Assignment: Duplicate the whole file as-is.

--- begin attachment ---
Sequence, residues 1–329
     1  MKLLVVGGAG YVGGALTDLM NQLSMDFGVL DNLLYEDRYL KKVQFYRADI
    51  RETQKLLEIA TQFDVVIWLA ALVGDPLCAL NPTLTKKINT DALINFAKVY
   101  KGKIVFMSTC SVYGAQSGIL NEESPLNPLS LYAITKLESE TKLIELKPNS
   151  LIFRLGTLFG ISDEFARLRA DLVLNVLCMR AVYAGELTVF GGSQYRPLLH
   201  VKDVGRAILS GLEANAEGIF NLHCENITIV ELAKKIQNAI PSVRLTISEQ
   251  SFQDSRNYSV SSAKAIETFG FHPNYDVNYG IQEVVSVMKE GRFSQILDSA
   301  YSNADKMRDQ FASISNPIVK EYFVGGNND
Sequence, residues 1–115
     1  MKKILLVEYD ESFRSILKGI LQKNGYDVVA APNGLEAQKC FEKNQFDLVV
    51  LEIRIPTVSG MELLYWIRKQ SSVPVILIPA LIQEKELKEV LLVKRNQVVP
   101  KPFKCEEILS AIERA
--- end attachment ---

Sequence, residues 1–329
     1  MKLLVVGGAG YVGGALTDLM NQLSMDFGVL DNLLYEDRYL KKVQFYRADI
    51  RETQKLLEIA TQFDVVIWLA ALVGDPLCAL NPTLTKKINT DALINFAKVY
   101  KGKIVFMSTC SVYGAQSGIL NEESPLNPLS LYAITKLESE TKLIELKPNS
   151  LIFRLGTLFG ISDEFARLRA DLVLNVLCMR AVYAGELTVF GGSQYRPLLH
   201  VKDVGRAILS GLEANAEGIF NLHCENITIV ELAKKIQNAI PSVRLTISEQ
   251  SFQDSRNYSV SSAKAIETFG FHPNYDVNYG IQEVVSVMKE GRFSQILDSA
   301  YSNADKMRDQ FASISNPIVK EYFVGGNND
Sequence, residues 1–115
     1  MKKILLVEYD ESFRSILKGI LQKNGYDVVA APNGLEAQKC FEKNQFDLVV
    51  LEIRIPTVSG MELLYWIRKQ SSVPVILIPA LIQEKELKEV LLVKRNQVVP
   101  KPFKCEEILS AIERA